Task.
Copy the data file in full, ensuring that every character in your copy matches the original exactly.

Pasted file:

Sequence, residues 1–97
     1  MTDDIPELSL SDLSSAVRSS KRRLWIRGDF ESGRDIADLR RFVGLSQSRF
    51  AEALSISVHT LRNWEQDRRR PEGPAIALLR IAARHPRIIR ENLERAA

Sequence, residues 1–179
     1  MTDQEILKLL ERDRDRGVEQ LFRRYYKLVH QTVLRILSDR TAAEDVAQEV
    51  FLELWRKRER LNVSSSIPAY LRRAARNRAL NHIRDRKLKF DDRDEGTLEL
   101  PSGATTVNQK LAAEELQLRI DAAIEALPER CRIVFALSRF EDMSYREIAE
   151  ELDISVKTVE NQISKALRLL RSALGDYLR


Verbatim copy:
Sequence, residues 1–97
     1  MTDDIPELSL SDLSSAVRSS KRRLWIRGDF ESGRDIADLR RFVGLSQSRF
    51  AEALSISVHT LRNWEQDRRR PEGPAIALLR IAARHPRIIR ENLERAA

Sequence, residues 1–179
     1  MTDQEILKLL ERDRDRGVEQ LFRRYYKLVH QTVLRILSDR TAAEDVAQEV
    51  FLELWRKRER LNVSSSIPAY LRRAARNRAL NHIRDRKLKF DDRDEGTLEL
   101  PSGATTVNQK LAAEELQLRI DAAIEALPER CRIVFALSRF EDMSYREIAE
   151  ELDISVKTVE NQISKALRLL RSALGDYLR